I’ve just read this fascinating article by Will Self.
He has a point, so many of the cultural experiences we choose appeal because they have gone out of their way to be accessible, when perhaps great works deserve pondering and chewing over in order to truly appreciate them. Maybe it’s not a question of being obscure or difficult, more that they demand we invest some time and mental energy in comprehending their worth, and reward us for the effort. You wouldn’t bolt down a fine meal that a chef had slaved over to deliver, even if you would cram down something mediocre ‘on the go’ to fill an empty stomach.
I also agree that our use of language, and our vocabulary, has suffered from the growing popularity of forms of communication that value brevity above all else – think of the short, sharp, sparky and uncomplicated language of the average text, facebook status update, or tweet. I go out of the way to use proper punctuation in text messages; I will even seek out a semi-colon in the symbols menu if needed. If an unusual word captures what I am trying to express, so be it. It does give my texts a certain Dickensian feel, but I would rather my language was considered a little old-fashioned and florid than these symbols and words be lost to us forever.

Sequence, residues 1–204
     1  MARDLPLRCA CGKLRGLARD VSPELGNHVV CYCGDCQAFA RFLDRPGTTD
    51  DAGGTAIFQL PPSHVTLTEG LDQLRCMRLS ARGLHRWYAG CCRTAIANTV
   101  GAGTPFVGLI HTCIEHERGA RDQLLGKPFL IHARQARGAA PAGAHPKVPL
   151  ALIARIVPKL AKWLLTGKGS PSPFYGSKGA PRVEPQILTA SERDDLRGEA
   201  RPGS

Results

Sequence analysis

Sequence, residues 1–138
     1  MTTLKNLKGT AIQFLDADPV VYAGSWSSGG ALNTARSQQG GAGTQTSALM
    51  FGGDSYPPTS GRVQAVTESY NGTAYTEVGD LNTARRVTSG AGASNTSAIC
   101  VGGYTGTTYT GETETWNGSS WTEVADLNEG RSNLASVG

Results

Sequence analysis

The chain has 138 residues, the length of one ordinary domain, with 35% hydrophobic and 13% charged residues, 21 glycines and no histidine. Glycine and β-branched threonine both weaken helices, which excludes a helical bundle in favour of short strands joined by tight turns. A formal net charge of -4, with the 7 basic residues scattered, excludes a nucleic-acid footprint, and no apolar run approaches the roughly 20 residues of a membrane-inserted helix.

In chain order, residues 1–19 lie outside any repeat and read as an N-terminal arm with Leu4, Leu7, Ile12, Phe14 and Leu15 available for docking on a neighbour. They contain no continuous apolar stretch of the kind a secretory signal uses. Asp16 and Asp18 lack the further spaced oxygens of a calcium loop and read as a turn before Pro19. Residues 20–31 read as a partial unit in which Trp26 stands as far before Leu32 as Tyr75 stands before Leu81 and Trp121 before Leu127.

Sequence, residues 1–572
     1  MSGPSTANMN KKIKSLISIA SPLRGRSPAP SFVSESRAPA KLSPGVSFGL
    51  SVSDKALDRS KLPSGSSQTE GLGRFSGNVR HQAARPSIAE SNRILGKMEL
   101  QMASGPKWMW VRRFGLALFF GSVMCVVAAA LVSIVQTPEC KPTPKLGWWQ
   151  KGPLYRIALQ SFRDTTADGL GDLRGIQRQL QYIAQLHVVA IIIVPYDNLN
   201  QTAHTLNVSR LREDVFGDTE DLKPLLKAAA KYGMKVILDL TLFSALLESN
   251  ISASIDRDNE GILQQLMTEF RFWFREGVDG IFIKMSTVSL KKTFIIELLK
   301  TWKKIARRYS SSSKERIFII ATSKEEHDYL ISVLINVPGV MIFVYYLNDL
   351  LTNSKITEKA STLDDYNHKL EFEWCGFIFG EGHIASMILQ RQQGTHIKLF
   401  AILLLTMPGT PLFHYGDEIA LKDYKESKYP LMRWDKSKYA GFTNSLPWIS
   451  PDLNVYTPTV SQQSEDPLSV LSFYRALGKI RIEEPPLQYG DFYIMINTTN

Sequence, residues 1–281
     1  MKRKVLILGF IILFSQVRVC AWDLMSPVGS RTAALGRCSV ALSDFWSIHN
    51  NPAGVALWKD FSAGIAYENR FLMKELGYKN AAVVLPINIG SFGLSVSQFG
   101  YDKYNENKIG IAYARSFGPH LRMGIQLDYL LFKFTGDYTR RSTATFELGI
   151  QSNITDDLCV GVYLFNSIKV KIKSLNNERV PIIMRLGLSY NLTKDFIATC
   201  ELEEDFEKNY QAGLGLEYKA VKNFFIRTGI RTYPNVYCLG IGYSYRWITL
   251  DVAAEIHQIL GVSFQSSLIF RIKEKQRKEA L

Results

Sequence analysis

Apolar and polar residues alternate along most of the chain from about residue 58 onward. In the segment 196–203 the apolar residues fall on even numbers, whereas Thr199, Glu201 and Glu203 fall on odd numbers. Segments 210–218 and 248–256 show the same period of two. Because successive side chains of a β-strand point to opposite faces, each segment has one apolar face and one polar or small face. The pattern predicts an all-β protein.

And oh, I get angry if my fingers run away with me and my facebook statuses and comments are mis-spelt. I have often added additional comments to correct the error, which no-one else had noticed…
I should certainly play word dynamo more often, to broaden my repertoire… I used to have a ‘word of the week’ when I was in my teens, which I’d use at every possible opportunity – perhaps I should resurrect that. Join in! Pick up a dictionary (or try out dynamo for yourself), find a word you’ve never used before and have fun searching for a context to try it in.